Results 1 to 7 of 7

Math Help - Existence of binary operation such that two algebraic structures are isomorphic.

  1. #1
    Newbie
    Joined
    Jul 2011
    Posts
    5

    Existence of binary operation such that two algebraic structures are isomorphic.

    Here is a very tricky question that I am trying to solve since last three days but until now I couldn't find the solution. Can anyone be of some help to solve this question?

    -----------------------
    Does a binary operation \diamond exist such that \left\langle N, +\right\rangle and \left\langle Z, \diamond\right\rangle are isomorphic? Prove your answer.
    NOTE: N is the set of natural numbers, Z is the set of integers and + is the addition operation. Two algebraic structures \left\langle A, \times\right\rangle and \left\langle B, \otimes\right\rangle are isomorphic if and only if a bijection h:A \rightarrow B exists such that h(x \times y)= h(x)\otimes h(y)
    ------------------------

    I would appreciate if full proof of this problem can be written

    Bundle of thanks in advance.
    Regards
    Last edited by mr fantastic; July 14th 2011 at 03:51 AM. Reason: Re-titled.
    Follow Math Help Forum on Facebook and Google+

  2. #2
    MHF Contributor
    Joined
    Mar 2010
    From
    Florida
    Posts
    3,093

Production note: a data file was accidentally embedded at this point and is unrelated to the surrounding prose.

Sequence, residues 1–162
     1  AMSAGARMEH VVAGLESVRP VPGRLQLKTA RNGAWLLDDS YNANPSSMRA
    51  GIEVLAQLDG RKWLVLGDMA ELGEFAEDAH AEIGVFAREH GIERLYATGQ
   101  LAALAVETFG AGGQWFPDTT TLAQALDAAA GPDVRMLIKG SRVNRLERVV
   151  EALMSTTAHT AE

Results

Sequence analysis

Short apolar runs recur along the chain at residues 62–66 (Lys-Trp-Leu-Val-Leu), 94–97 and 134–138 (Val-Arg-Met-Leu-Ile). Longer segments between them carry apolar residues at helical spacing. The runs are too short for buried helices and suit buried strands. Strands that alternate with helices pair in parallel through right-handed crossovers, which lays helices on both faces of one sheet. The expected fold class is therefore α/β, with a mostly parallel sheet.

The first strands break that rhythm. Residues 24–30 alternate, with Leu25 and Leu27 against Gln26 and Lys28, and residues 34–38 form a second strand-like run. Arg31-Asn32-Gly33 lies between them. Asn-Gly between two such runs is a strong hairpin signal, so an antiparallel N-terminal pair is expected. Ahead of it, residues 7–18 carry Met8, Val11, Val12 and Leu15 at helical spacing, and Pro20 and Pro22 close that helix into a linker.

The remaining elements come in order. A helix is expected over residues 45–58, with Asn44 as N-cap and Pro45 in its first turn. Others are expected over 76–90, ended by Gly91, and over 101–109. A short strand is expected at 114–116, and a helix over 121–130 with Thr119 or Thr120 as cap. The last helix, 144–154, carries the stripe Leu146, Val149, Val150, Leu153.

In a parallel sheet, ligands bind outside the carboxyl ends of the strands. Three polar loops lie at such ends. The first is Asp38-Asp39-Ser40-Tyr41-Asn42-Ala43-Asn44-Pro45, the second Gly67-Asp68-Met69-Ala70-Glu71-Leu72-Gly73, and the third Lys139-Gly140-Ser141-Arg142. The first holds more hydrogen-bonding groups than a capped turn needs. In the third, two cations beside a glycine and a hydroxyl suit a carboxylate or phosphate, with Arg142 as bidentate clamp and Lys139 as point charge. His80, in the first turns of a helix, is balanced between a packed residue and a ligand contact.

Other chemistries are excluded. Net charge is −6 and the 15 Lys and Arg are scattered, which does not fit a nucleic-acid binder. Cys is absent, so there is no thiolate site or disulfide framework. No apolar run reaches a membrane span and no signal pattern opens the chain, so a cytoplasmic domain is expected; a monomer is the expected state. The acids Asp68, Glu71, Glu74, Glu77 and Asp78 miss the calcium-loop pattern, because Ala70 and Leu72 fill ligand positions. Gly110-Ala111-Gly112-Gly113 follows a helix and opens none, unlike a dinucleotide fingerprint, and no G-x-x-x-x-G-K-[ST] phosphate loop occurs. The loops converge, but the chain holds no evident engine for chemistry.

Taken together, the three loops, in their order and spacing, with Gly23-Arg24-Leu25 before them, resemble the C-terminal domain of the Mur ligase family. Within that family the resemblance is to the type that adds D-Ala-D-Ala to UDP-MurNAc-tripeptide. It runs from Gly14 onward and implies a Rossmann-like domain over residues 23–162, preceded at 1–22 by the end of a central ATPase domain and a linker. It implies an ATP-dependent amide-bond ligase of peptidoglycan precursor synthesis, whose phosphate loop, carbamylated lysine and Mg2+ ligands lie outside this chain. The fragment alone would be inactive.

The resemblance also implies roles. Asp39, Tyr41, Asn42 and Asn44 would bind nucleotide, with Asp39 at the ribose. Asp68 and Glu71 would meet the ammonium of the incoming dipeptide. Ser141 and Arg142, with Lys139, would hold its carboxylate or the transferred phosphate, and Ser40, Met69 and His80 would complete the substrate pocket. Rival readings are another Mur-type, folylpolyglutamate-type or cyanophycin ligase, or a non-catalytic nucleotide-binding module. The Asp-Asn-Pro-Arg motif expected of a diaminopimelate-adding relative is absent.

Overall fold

Thanks
    5

    Re: A Tricky Question ... Any help to solve it ...!

    Quote Originally Posted by kashnex View Post
    Here is a very tricky question that I am trying to solve since last three days but until now I couldn't find the solution. Can anyone be of some help to solve this question?

    -----------------------
    Does a binary operation \diamond exist such that \left\langle N, +\right\rangle and \left\langle N, \diamond\right\rangle are isomorphic? Prove your answer.
    NOTE: N is the set of natural numbers, Z is is the set of integers and + is the addition operation. Two algebraic structures \left\langle A, \times\right\rangle and \left\langle B, \otimes\right\rangle are isomorphic if and only if a bijection h:A \rightarrow B exists such that h(x \times y)= h(x)\otimes h(y)
    ------------------------

    I would appreciate if full proof of this problem can be written

    Bundle of thanks in advance.
    Regards
    In general, you are supposed to make some kind of attempt no matter how wrong it may be instead of just ask for others to do your work.
    Follow Math Help Forum on Facebook and Google+

  3. #3
    Newbie
    Joined
    Jul 2011
    Posts
    5

    Re: A Tricky Question ... Any help to solve it ...!

    Quote Originally Posted by dwsmith View Post
    In general, you are supposed to make some kind of attempt no matter how wrong it may be instead of just ask for others to do your work.
    The problem is that I have no time because I am going to take entry exam on Monday, but didn't understand this question that how I can solve it. Please if you can be some help please suggest me or give me some pointers that enables me to solve it.

    regards
    Follow Math Help Forum on Facebook and Google+

  4. #4
    MHF Contributor Drexel28's Avatar
    Joined
    Nov 2009
    From
    Berkeley, California
    Posts
    4,563
    Thanks
    21

    Re: A Tricky Question ... Any help to solve it ...!

    Quote Originally Posted by kashnex View Post
    The problem is that I have no time because I am going to take entry exam on Monday, but didn't understand this question that how I can solve it. Please if you can be some help please suggest me or give me some pointers that enables me to solve it.

    regards
    Think about what makes the natural numbers complete (induction).
    Follow Math Help Forum on Facebook and Google+